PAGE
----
But now that he’s back, Col’s starting to wonder whether this vision can be achieved within the existing family farm model. Increasingly, it seems the odds are stacked against farms like his. Many are struggling to survive, let alone to employ people and deliver good food affordably to local communities. As older farmers retire without succession plans, and their land is amalgamated into large industrial operations, the future of the small family farm looks pretty bleak.
As he wrangles with all of this, Col stumbles across something that throws his vision – and his very understanding of farming – into doubt. What does it mean to say that “The family farm is a colonial concept”? And might this jarring idea be the key to understanding the problem – as well as its potential solutions?
Landed is produced by Col Gordon and Katie Revell, with Executive Producer Abby Rose. Our Project Manager is Olivia Oldham. Huge thanks to Josina Calliste for her guidance and input and to Sarah Nicholas for all her help and support. Thanks also to Jo Barratt. The music for Landed is by Dagger Gordon and me, Col Gordon.
66: Ecosystem agriculture, the probiotic turn and regenerative flower growing
This month we are introduced to the importance of ecosystem architecture by a forest ecologist and winegrower. We hear from two researchers investigating a shift in how we understand our relationship with the natural world - from one where humans are in control, to one where we work with other life-forms and biological processes to build human and ecosystem health. And we finish hearing one grower’s experience of implementing regenerative techniques on her flower farm.
65: Community farm investment, Naked Oat Mylk and Palestinian fair trade
This month we start with a fond farewell to internationally renowned water specialist Professor Tony Allen, most noted for his pioneering work on the concept of virtual water. We’ll hear a conversation with him from 2017 about the OurField Project. We then hear from the Kindling Trust. They work on a range of projects that model a fairer, more responsible, ecologically restorative food system, and are opening up an opportunity to invest in their new farming endeavours in Manchester. Next, farmer John Turner introduces us to a new vision of dairy farming- a vegetarian dairy farm producing cow’s milk alongside innovative naked oat mylk. Tiger and Float are making this oat mylk, using the naked oats that John is growing. Finally we meet Mohammed Ruzzi, a fair trade farmer in Palestine, who talks to us about the role of regenerative farming and the Zaytoun cooperative in supporting a better life for Palestinian farmers.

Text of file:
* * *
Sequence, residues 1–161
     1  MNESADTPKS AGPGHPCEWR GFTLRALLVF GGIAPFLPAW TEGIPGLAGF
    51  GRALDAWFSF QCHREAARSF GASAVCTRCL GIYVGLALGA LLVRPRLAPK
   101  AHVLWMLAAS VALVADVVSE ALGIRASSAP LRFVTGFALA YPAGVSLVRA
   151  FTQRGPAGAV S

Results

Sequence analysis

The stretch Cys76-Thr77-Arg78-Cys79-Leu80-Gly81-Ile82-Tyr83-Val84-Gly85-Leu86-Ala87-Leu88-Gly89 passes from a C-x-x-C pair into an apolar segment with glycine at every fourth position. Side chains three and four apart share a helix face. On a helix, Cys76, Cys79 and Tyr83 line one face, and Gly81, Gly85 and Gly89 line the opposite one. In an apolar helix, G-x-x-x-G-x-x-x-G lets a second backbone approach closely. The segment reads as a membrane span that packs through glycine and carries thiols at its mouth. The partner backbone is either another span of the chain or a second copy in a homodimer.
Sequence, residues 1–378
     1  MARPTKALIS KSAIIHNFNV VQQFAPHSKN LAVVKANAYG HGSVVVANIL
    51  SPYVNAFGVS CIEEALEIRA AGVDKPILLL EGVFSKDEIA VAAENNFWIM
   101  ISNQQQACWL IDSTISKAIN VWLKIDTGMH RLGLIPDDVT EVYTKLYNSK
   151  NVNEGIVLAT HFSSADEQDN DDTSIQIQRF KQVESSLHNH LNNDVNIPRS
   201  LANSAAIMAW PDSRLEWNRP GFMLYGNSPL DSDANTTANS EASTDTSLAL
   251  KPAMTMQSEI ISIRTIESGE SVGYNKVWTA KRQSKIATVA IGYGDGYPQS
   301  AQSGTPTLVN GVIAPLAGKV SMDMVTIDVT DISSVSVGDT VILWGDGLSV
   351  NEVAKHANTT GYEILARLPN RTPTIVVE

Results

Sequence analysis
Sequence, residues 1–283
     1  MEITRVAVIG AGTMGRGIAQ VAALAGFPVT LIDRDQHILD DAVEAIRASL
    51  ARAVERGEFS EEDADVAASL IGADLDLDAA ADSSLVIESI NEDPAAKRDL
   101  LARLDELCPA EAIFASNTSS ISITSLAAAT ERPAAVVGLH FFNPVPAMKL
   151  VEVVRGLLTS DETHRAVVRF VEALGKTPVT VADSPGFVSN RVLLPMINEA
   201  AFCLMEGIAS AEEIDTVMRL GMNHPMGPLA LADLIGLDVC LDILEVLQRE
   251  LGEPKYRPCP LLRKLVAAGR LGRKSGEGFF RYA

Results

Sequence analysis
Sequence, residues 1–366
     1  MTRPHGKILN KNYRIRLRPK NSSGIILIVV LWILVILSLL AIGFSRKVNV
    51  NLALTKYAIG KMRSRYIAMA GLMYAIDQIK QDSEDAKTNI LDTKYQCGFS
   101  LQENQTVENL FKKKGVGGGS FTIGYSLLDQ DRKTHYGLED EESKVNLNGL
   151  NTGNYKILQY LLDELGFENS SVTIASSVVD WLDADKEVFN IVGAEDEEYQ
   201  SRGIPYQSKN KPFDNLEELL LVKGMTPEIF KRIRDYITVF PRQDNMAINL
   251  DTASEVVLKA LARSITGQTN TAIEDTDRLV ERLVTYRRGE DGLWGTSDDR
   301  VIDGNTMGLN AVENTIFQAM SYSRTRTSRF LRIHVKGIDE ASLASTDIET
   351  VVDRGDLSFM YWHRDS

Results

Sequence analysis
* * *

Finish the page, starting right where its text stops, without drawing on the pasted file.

64: Dung beetles, herbal medicine, hydrology and soil carbon
This month, we learn from an entomologist in Wiltshire about the importance of dung beetles in our farming systems. We hear how a medical herbalist in London is bringing people together to care for and heal each other and a soil microbiologist shares how restoring hydrological cycles is vital in mitigating the climate crisis and how the soil carbon sponge is core to that.
Such a great resource. Really love it all. The team isn’t dogmatic about one agricultural system, which makes it so much more informative. Have shared with lots of people not interested in agriculture because I feel what they cover is really interesting!
I’m in my second season at a small organic farm in Worcestershire and this podcast is the best companion I could ask for. It reminds you why you’re doing what you’re doing and the people who share your values that are working towards similar things. It’s so very well done. Insightful, peaceful, and informative. I love the layout, it keeps you interested with the range of topics on each podcast and is just goddamn beautiful to listen to! One of my favourites.
A genuinely life-changing series
I recently listened to Cereal, the 6 part series about the history of bread, and thought it was one of the best things I've heard in ages. It's genuinely altered my outlook and priorities in terms of how I think about food and and made me resolve to think more about the source of what I buy and eat, and how to better support those who produce it. It's a complicated story but was told excellently - the production and research really set it apart, and it was always interesting and surprising. I've recommended it to so many people and will continue to do so!